I’ve wanted to become a writer ever since I was about twelve years old and discovered how much I loved to read. It’s just a natural extension of loving stories.

What do you love about being an author? Is there anything you dislike?
I love giving birth to the wisps of ideas that come in different forms until they are full-fledged story with beginning, middle, and end.

The process is….hard. It requires self-discipline, a lot of time alone, and dealing with a mass that sometimes resembles a great big sea monster with many tentacles which don’t go where you tell them to.

How do you balance your personal and writing time?
By devoting my most creative & productive time (mornings) to it and doing the rest of the stuff afterwards. Also, listening to the muse when she speaks, even if it’s at 3:00 a.m. and I get a great bunch of dialogue running through my head, but I desperately want to sleep, but if I don’t jot it down then, by daylight, the best stuff will be gone.

How do you write? Do your characters come to you first or the plot or the world of the story?
Characters probably/usually first. Many times they come to me from the tail-end of a dream. Other times they are secondary characters from a current WIP that catch my attention and I want to know more about them, and other times in the course of historical research, I read about someone and think, hmm, that person’s story might be interesting.

That happened to an extent in my current WIP. I was researching the book that’s out now, The Healing Season, or maybe it was the one before that, Dawn in My Heart, when I ran across two small items. One was about a woman who had ministered to prisoners at Newgate during the regency period, at a time when prison conditions were pretty horrific and few if anyone cared about the fate of its inmates, much less a woman. The other was a case where the Prince Regent pardoned a man for a capital offense, simply because his wife pled for his life, so it was a decision based purely on sentiment.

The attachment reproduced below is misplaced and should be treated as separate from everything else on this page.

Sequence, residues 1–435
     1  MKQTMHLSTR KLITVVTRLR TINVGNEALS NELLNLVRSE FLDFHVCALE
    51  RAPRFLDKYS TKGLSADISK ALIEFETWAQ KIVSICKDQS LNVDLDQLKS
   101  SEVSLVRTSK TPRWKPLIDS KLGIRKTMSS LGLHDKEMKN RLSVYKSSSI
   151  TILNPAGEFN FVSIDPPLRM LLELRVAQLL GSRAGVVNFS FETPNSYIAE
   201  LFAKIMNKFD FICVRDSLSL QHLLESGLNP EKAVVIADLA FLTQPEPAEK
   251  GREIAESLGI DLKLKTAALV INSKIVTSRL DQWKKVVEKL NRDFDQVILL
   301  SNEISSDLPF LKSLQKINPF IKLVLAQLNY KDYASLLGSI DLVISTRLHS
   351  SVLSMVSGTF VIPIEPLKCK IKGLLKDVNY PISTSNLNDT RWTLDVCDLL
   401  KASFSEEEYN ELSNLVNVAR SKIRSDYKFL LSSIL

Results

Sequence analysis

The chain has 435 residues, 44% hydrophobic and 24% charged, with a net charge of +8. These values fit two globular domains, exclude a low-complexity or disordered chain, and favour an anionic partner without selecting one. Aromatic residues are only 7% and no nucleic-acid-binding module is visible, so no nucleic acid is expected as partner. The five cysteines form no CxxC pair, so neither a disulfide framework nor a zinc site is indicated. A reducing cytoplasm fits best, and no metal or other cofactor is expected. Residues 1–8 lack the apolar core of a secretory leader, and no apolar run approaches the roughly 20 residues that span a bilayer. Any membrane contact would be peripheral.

What genre(s) do you write? Why do you write the stories that you write?
I write historical romance (with a Christian slant) simply because those are the stories I most like to read. Like so many romance authors before me, I probably started to write them because I found so few that satisfied me fully.

What is the biggest misconception about being an author?
That you can make a lot of money publishing . If you think about writers throughout history, they usually starved, or had some other source of income. I think it’s generally true today that you need to have a secondary income in order to be able to write and not worry too much about where your books are in the huge heap of titles published every month.

Do you tend to base your characters on real people or are they totally from your imagination?
Both, definitely. They’re a compilation of behavior and physical traits you observe around you, whether in real life or on tv/movies, as well as from yourself and your own past.

Out of all the characters that you've written, who is your favorite and why?
Each set of characters becomes the favorite at the time of writing their story. You live and breathe them over the course of several months until they become almost more real than the people around you. That’s why it’s tough to hear others disparage them once they become public property.

If you were writing a script for the big screen, who would you want to act in your movie?
Colin Firth, Colin Firth, Colin Firth. Any more questions?

What would you want readers to take away from your books?
A few hours or days where they are wrapped up in my characters’ world. Aside from a wonderful love story, I hope they get a glimpse of the Savior’s love for them.

Do you have any advice for beginning writers in regards to writing a book?
Have something to say.

What are you reading right now?
I just finished Karen Hancock’s The Return of the Guardian King, the final installment of her Guardian-King series. Wonderful series!

I’m in the middle of The Great Stink by Clare Clark, a British writer. This story takes place in Victorian London and is described on the back cover as a literary thriller. My next book is a Victorian, so this is helping me to get in the time and setting. I’m also starting Tamera Alexander’s Rekindled. The first few pages sound promising.

The Healing Season by Ruth Axtell Morren
ISBN-13: 978-0373785889
Genre: Fiction/Romance
Publisher: Steeple Hill (July 1, 2007)
$6.99 from

Purchase The Healing Season by Ruth Axtell Morren HERE!!

posted by Rachelle
at 9:14 PM